- Plastic, Reconstructive and Handsurgery
- Medical Psychology and Psychotherapy (MPP)
- Health Decision Sciences
- Public Health
- Genetic Epidemiology
- Clinical Epidemiology
- Medical Informatics
- Musculoskeletal Science
- Rehabilitation Medicine
- Surgical Research
- Gastroenterology & Hepatology
- Transplantation Medicine
- Periconception and Prenatal Medicine, Obstetrics and Reproduction
- Pediatric Research
- Gynaecology and Gynaecologic Oncology
- Cardiovascular research
- Endocrinology, Neuro-Endocrine Immunology, and Clinical and Medical Immunology
- Imaging Studies
Prof. dr. R.H.J. Mathijssen (coordinator), dr. E. Wiemer, prof. dr. R. Debets, , prof. dr. J.W. Martens, prof. dr. K. van der Rijt, dr. M. Lolkema, dr. M. Hooning and dr. A. Jager.
‘Cancer develops through an accumulation of (epi) genetic alterations. The selection of cells with crucial defects allows survival and growth advantage. Ultimately this results in invasive and metastatic cancer cells that can survive and grow outside their normal niche. It is the metastasis, originating from the primary tumour, which is the ultimate threat to the patient, as is therapy failure.’ Our successful discovery of profiles for resistance continuous, as this will lead to the discovery of novel targets for treatment.
Research within the main theme ‘Medical Oncology’ concerns mostly solid cancers. The main goal of this theme is to understand human solid cancers at the molecular mechanistic level and to apply this knowledge in the clinic, thus translational research. We improve methods for screening, diagnosis, prognosis and treatment, through all kinds of ‘-omics’ (genomics, transcriptomics, proteomics, pharmacogenomics), (gene)-therapy and functional therapeutic targeting approaches. In all studied diseases the research strategy is primarily based on investigation of patient cohorts and tumor samples, circulating tumor cells and body fluids (so called liquid biopsies) of the included patients. The direct study of the patient material is supported by study of in vitro and in vivo models systems: cell lines, xenografts and genetically modified mice.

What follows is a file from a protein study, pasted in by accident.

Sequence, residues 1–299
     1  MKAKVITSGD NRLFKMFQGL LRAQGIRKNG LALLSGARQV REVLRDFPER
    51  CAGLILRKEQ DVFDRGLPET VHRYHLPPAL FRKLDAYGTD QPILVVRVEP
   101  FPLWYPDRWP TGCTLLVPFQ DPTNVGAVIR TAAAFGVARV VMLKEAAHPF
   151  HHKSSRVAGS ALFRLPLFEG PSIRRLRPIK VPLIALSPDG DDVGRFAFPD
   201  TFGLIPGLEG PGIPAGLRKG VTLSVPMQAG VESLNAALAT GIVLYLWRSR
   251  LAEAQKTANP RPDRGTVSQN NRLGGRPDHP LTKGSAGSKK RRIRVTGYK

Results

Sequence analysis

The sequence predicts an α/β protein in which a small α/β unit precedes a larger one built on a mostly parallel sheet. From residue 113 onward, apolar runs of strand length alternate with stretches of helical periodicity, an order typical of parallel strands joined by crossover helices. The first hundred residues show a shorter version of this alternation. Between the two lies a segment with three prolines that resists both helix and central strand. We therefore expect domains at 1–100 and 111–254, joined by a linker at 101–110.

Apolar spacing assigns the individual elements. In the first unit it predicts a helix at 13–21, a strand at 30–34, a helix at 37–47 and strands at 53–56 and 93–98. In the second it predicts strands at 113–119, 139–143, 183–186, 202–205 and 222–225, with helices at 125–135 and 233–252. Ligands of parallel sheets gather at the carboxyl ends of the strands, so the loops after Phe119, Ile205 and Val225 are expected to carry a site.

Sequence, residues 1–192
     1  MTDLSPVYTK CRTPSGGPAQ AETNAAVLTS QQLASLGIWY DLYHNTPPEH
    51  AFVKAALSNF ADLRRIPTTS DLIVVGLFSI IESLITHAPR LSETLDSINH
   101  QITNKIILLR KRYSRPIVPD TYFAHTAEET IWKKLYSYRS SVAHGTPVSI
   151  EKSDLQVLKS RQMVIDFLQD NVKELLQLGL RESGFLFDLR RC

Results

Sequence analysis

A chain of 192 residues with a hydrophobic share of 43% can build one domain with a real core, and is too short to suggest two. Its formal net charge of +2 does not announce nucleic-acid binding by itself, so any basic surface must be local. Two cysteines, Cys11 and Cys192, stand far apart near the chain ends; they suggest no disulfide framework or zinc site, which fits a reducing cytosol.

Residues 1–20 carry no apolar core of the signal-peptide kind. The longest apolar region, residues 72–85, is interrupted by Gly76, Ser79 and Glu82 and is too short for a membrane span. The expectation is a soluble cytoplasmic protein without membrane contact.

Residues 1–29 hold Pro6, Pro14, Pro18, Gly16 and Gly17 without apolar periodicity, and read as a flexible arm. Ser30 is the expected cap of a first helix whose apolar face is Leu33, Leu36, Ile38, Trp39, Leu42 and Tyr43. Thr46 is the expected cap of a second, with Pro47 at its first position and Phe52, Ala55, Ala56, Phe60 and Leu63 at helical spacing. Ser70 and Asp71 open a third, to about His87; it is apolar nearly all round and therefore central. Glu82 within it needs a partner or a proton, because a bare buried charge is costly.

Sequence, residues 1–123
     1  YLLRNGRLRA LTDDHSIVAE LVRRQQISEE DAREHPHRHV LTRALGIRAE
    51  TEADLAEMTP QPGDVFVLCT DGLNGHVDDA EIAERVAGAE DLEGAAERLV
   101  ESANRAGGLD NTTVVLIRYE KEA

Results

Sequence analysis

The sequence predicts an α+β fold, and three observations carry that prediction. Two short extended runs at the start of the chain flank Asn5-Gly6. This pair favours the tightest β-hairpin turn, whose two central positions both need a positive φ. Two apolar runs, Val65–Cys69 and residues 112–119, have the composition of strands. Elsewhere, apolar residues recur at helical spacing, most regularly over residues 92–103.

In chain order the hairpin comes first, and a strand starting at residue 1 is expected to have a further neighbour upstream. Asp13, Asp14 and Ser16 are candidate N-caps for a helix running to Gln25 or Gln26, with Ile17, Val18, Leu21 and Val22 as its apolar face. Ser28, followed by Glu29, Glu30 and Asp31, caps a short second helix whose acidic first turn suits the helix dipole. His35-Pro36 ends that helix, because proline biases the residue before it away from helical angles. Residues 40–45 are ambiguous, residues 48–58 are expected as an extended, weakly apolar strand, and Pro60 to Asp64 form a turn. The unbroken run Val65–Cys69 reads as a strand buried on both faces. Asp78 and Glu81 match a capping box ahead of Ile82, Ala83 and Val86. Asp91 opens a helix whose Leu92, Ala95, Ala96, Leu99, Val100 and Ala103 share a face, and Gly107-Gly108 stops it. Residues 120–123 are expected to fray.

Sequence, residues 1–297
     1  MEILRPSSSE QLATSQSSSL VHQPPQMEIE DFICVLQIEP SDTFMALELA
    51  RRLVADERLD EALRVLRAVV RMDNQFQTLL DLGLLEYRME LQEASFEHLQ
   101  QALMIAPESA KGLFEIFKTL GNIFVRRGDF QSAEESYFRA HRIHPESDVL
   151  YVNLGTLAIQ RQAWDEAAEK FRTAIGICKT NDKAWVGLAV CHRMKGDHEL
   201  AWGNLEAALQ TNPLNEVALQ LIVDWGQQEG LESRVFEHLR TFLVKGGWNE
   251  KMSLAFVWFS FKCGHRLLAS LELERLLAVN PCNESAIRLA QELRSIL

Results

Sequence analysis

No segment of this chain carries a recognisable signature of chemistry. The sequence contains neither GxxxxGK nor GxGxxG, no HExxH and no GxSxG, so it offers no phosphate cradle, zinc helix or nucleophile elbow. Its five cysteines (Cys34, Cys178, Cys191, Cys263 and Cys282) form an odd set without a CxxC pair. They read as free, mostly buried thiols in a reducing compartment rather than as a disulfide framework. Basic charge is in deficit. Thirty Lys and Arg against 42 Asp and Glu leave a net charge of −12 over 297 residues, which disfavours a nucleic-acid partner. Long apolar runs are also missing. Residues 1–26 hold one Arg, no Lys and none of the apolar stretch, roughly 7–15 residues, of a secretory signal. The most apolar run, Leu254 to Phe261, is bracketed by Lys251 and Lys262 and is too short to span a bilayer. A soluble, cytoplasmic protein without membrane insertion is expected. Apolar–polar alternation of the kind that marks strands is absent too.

Sporadic and hereditary breast tumors, for example, have been examined using a wide variety of molecular approaches, for example gene-expression-, miRNA-, DNA-methylation-, and or SNP-arrays. Besides, advanced mass-spectrometry and kinase-chip assays are used. These data are linked to pathological and clinical outcomes, with the ultimate goal to better classify cancer which will lead to personalized cancer therapy. As a consequence the program covers a range of programs from basic to clinically applied research.
- Tumor Immunology, (contact: R. Debets),
- Cancer Genomics and Proteomics and (contact: J. Martens)
- Palliative and Supportive care (contact: K. v der Rijt)
- Translational Pharmacology/Personalized Medicine (contact: R.H.J. Mathijssen)
The Department of Medical Oncology (see website for actual research and teaching programs and respective coordinators) has an initiating and leading position both for the laboratory as well as the clinical activities. Papers are numerous and published in highly ranked journals. The research program is solidly embedded and interactive with investigators in scientific groups and networks in a broad (inter)national context. These include cooperative clinical trial groups, European consortia and outstanding scientific groups.